Fast-Food Workers Strike for Minimum Wage Hike Ahead of Democratic Debate

Workers in Charleston, South Carolina timed their push to raise the minimum wage with the arrival of Democratic presidential candidates for the debate on Sunday.
January 17, 2016, 7:00pm
Photo by Justin Lane/EPA

A group of fast-food workers in Charleston, South Carolina walked off the job early Sunday morning, going on strike and calling on presidential candidates to "come and get their vote" hours before the 2016 democratic debate in the city.

The strike, which is backed by Fight For 15, the campaign to raise the US minimum wage to $15 per hour, involves about 100 low-wage employees from the fast-food, home care, and child care industries. The group plans to demonstrate in front of the Gaillard Center in Charleston, the site of the fourth Democratic presidential debate, which begins at 9pm ET.

McDonald's employee Statria Maxwell told VICE News that at least two McDonald's workers participating in the strike. A 22-year-old former Marine, she's been working with the company for two months and in the fast-food industry for five years. Maxwell said she can barely pay her bills and support her family working two jobs at $7.25 per hour.

Related: Here's What's at Stake for Bernie Sanders and Hillary Clinton in South Carolina

"I stand for eight hours per shift, and do a little bit of everything — $7.25 isn't sufficient for all the work I do," Maxwell said. "Most Americans can't survive on that either. I want to go back to school for culinary arts, but don't make enough to save up for the cost."

Live Strike in Charleston 'We work! We Sweat! Put 15 on our checks!' Later: — Fight For 15 (@fightfor15)January 17, 2016

Breaking: Fast food workers in Charleston, SC on strike in force. Manager has locked the store! — Fight For 15 (@fightfor15)January 17, 2016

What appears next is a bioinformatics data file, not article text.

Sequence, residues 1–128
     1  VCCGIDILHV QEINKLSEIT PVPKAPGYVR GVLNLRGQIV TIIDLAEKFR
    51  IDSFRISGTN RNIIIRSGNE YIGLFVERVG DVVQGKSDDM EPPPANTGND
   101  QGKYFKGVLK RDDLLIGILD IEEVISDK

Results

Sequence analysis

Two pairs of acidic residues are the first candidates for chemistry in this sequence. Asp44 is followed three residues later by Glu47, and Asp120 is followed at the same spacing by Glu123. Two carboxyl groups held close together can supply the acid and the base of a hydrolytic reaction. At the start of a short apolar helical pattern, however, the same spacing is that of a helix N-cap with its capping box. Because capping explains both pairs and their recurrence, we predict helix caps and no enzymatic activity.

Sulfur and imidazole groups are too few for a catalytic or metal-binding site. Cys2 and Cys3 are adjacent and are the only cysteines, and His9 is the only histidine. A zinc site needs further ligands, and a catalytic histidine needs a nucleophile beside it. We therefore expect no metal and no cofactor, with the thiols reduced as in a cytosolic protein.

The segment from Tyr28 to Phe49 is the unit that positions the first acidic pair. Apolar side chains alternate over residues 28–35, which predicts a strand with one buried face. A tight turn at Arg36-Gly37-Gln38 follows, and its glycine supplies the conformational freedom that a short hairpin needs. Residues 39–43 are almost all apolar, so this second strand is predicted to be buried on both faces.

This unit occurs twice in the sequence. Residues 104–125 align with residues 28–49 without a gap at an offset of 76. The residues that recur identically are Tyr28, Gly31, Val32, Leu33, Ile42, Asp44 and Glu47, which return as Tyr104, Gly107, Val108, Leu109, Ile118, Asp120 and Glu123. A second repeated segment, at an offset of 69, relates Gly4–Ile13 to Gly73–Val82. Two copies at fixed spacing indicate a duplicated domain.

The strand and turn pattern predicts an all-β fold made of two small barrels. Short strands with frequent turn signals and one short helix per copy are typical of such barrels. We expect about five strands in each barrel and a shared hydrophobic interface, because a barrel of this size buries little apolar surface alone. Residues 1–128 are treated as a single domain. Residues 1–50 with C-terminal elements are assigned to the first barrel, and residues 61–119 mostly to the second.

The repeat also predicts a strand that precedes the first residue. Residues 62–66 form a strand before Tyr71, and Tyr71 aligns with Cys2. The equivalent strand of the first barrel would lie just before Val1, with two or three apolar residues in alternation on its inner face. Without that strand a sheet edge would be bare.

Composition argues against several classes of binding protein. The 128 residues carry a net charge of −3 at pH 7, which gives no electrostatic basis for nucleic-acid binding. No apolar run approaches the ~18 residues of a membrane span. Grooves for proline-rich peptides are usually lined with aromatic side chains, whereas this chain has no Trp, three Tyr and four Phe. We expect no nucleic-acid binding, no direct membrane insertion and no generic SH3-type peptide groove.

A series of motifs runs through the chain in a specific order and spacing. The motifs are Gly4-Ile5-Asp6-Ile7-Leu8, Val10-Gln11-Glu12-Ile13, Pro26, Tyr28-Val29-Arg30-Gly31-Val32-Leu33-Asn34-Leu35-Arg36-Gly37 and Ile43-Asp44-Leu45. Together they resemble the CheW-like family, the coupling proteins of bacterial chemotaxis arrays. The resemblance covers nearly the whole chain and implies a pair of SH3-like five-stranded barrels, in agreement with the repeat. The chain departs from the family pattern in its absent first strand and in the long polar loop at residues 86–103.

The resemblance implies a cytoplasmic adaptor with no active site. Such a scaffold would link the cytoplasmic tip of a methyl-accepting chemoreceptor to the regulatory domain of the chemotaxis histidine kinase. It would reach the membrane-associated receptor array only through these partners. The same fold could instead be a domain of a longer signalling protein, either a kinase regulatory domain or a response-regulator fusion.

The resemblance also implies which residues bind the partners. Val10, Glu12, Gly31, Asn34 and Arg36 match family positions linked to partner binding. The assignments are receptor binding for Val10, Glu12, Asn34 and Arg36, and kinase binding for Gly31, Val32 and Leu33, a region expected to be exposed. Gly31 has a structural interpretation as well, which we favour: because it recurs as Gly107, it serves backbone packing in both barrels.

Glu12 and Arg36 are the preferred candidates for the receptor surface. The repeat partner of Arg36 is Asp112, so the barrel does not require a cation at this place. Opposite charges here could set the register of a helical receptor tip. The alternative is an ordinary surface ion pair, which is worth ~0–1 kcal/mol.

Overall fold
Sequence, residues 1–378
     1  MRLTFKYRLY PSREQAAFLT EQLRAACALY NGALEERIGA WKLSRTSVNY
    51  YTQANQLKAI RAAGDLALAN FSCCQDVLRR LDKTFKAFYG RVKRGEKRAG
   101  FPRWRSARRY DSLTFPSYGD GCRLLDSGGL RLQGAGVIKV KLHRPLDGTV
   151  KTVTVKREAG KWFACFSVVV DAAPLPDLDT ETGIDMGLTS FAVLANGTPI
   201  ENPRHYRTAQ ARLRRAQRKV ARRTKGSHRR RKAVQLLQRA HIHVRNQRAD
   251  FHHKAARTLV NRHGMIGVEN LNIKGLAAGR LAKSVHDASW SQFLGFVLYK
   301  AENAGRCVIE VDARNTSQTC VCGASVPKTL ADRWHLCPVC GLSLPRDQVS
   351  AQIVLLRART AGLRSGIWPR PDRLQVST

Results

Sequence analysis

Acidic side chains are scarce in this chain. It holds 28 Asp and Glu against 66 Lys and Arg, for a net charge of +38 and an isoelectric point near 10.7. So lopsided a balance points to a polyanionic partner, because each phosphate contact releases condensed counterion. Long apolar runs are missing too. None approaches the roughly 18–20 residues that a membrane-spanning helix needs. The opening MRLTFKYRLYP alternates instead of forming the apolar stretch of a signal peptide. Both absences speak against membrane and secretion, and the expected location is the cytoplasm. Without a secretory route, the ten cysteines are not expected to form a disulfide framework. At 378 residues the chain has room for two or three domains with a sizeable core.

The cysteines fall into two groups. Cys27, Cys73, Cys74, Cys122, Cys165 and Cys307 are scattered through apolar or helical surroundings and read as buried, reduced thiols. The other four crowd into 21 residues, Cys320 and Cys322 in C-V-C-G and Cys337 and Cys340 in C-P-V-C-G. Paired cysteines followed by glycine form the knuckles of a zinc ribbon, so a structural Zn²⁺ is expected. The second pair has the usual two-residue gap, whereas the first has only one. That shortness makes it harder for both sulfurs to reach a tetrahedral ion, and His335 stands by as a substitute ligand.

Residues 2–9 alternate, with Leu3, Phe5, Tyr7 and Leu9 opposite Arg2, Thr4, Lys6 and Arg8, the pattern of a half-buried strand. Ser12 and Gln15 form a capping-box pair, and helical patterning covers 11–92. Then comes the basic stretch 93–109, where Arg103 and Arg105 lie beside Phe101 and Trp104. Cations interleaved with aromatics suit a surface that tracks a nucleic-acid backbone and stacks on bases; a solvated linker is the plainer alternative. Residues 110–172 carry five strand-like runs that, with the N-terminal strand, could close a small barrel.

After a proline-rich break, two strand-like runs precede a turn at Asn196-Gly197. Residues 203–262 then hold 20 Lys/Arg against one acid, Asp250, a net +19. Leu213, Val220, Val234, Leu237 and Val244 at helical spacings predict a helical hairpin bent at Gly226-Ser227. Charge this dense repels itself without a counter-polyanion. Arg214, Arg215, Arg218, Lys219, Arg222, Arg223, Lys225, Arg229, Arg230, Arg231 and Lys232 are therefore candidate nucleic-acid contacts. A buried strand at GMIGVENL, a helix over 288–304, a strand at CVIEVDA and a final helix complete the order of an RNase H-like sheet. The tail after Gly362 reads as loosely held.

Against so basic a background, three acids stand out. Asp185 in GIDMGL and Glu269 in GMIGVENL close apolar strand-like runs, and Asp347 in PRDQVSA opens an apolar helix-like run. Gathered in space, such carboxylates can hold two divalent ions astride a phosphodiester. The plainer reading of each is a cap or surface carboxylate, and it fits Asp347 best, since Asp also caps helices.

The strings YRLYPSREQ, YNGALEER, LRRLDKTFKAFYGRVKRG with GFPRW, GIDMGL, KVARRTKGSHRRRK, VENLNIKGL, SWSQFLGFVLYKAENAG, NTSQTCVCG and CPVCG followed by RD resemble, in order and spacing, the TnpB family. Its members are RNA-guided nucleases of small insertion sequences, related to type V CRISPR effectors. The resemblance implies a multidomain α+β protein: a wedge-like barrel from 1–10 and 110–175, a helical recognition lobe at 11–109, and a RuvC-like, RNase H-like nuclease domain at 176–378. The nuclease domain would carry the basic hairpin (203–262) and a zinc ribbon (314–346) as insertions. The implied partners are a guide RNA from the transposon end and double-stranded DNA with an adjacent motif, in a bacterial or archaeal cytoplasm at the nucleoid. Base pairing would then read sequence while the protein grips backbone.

Maxwell plans to vote for the first time in the presidential elections this November, and says that being a part of a national movement has been a huge motivating factor. A National Employment Law Project survey recently showed that millions of Americans earning less than $15 an hour would be more likely to vote if candidates backed higher pay and union rights.

"Just being here and seeing how many are here, it shows it's bigger than Charleston," Maxwell said. "The candidates are going to hear what we have to say, and that's empowering — the future president needs to hear the people."

Hillary Clinton, the current frontrunner for the Democratic nomination, supports raising the federal minimum wage to $12 per hour and pushing state and local governments to raise the rate even further. Bernie Sanders, Clinton's chief rival, has called for raising the minimum wage to $15 per hour "over the next several years," and supports the Employee Free Choice Act, which would make it easier for workers to unionize.

Related: McDonald's Gives Its Shareholders $30 Billion as Its Workers Protest for $15 an Hour

The Fight For 15 movement, supported by the Service Employees International Union, has led successful efforts to raise the minimum wages in Seattle, Los Angeles, and San Francisco. Earlier this week, the group worked with Italian consumer groups to file an antitrust complaint against McDonald's with the European Commission.

In November, New York Governor Andrew Cuomo used his executive authority on Tuesday to increase the wage of government workers to $15 an hour by 2018. The move does not affect the estimated 50,000 private sector workers in the state that still earn the minimum wage. Around 1.3 million workers earn the minimum wage nationally, with an additional 1.7 million earning less than the federal floor of $7.25 an hour.

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